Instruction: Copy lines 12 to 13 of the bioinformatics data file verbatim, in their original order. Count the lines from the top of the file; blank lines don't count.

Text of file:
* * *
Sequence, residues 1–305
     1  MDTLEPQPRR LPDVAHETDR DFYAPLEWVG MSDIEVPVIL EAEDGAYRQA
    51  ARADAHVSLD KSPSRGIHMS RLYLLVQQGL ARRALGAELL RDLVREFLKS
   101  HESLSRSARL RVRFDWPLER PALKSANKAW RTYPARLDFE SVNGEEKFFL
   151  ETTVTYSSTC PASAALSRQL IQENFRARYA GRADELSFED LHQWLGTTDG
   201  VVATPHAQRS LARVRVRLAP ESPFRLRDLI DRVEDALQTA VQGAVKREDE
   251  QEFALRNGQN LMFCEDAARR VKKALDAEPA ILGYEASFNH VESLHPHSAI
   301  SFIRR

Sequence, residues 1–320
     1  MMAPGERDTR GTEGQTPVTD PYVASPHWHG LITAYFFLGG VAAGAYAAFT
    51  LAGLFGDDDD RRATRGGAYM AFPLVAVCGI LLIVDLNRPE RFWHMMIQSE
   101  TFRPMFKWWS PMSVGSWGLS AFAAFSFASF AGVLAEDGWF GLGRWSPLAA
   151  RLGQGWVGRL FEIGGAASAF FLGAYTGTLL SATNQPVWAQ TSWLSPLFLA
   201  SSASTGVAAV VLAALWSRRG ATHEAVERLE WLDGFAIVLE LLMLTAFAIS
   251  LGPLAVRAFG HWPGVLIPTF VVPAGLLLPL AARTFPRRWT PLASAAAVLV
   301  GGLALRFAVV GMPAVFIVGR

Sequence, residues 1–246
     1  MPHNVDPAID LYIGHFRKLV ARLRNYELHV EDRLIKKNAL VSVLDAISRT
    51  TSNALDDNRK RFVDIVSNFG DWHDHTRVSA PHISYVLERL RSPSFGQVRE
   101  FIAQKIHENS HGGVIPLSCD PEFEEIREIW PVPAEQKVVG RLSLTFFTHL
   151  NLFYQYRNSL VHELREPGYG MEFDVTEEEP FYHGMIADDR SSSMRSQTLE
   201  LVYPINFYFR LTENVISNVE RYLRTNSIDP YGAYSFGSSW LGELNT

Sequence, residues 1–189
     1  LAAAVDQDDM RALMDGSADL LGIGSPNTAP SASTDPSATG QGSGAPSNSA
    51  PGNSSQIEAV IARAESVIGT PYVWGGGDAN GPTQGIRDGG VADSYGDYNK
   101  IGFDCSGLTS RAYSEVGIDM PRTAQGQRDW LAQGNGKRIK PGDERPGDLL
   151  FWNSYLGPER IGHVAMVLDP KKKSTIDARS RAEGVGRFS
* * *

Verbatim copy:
   101  TFRPMFKWWS PMSVGSWGLS AFAAFSFASF AGVLAEDGWF GLGRWSPLAA
   151  RLGQGWVGRL FEIGGAASAF FLGAYTGTLL SATNQPVWAQ TSWLSPLFLA